- Avoid close contact with people who are sick. Keep a distance of three feet or more from a person who is visibly ill with coughing and sneezing.
- Wash your hands frequently or use a hand sanitizer after handling potentially dirty or contaminated surfaces. Use a paper towel or your elbow to turn off the faucet after hand washing as viruses may live on surfaces for two hours or more.
- Avoid touching your eyes, nose and mouth.
Now that I have the flu, what should I do?
A few simple control measures can be effective in reducing the transmission of infection. The ill student should be considerate of his classmates and remember the following recommendations:
- Students who have been diagnosed with the flu are asked not to attend class, go to Vail Commons, the library or other large group settings as long as they are running a fever.
- Cover your coughs and sneezes and throw away contaminated tissues promptly. If a tissue is not available, sneeze into your shoulder or sleeve.
- Wash your hands or use a hand sanitizer frequently.
What is the treatment of the normal seasonal flu?
- Stay home and gets lots of rest.
- Drink lots of liquids (at least two quarts or approximately one glass every two hours) -- fruit juice, soda, tea, soups, etc. This will help loosen nasal and chest secretions and help relieve your sore throat. It will also help you generally feel better and recover more easily if you stay well-hydrated.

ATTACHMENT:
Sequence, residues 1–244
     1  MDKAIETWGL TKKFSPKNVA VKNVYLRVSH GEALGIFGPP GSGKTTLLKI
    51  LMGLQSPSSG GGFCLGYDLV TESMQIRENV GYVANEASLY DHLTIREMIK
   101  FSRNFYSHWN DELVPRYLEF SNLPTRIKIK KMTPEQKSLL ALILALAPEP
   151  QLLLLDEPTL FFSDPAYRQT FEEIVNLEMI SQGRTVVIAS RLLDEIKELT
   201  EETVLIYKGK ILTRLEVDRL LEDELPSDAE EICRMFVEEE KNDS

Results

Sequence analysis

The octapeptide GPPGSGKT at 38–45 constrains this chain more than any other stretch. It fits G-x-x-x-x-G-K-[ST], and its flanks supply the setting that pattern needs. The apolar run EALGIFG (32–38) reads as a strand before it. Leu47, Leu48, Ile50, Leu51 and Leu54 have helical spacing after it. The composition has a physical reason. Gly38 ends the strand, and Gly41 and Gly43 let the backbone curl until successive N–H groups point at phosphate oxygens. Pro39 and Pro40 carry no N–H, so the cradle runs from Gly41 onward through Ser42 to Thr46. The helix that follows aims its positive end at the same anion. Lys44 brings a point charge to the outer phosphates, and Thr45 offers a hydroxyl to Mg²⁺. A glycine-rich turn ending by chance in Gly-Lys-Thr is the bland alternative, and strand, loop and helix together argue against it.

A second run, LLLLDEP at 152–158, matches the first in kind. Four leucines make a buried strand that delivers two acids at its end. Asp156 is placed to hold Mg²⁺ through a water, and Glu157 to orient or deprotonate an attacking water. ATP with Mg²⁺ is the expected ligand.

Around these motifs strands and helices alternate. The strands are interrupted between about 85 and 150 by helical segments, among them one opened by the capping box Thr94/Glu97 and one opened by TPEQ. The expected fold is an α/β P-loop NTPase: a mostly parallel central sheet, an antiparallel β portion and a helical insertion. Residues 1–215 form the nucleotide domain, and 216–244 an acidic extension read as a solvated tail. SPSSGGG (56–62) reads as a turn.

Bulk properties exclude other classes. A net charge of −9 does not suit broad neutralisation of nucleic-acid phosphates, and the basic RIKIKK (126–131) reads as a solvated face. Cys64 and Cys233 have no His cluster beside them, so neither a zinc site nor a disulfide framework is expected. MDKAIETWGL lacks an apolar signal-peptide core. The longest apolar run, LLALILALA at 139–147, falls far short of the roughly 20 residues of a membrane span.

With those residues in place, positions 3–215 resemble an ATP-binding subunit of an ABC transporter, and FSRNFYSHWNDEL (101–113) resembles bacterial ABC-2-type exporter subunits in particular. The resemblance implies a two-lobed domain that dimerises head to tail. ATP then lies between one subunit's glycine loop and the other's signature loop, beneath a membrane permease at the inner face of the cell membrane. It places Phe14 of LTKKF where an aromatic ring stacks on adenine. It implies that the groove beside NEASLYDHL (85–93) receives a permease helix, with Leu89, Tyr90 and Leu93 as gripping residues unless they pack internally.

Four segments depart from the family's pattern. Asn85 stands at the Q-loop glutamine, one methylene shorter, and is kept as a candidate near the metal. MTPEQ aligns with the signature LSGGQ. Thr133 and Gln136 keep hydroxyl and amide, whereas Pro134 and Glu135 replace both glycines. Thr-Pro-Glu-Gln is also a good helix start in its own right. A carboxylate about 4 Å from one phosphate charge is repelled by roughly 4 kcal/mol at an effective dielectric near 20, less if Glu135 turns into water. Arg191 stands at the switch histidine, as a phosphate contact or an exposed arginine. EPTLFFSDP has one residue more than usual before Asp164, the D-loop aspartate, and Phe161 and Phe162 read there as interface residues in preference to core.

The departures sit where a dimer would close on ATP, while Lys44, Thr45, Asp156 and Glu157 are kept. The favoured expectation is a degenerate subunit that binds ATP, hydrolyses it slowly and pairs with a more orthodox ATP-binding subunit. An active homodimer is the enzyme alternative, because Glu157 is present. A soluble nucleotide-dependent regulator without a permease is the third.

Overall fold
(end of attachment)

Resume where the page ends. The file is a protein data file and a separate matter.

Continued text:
- You may take Ibuprofen (Motrin, Advil) or other anti-inflammatories (with food) or acetaminophen (Tylenol) for muscle aches, headache, sore throat and fever. Teenagers should not take aspirin during a viral illness as there is a link between the use of aspirin and Reye's Syndrome (a rare but serious illness).
- You may also use other medications as needed such as throat lozenges, over-the-counter cough preparations, decongestants, etc.
- Antiviral drugs can diminish the symptoms of the flu and may shorten the course of the flu by a day, but they must be started within 48 hours of the onset of symptoms. The Student Health Center offers prescriptions to those with a positive flu test. Antibiotics are of no use in the treatment of the flu and other viral illnesses.
Most people who get influenza will recover in several days to less than two weeks, but are likely to experience fatigue and decreased appetite for a period afterwards. Getting extra rest, eating a balanced, healthy diet and making a special effort to increase your liquid intake will help you continue to recover.
Some people will develop complications as a result of the flu, such as a sinus infection, ear infection or pneumonia, from either the influenza virus infection alone or from co-infection with the flu virus and bacteria. The flu can also make chronic medical problems worse. For example, people with asthma may experience asthma attacks while they have the flu.
While it is typical with the flu for a person to experience cycles of high fever for several days, seek further medical advice if you experience:
- Difficulty breathing or shortness of breath
- Localized pain or pressure in the chest besides the usual anterior discomfort you might experience from frequent coughing
- Flu-like symptoms that improve but then return with fever and worse cough
- Any other symptoms that you feel might indicate a complication
Where can I find more information on influenza?
- January 30, 2018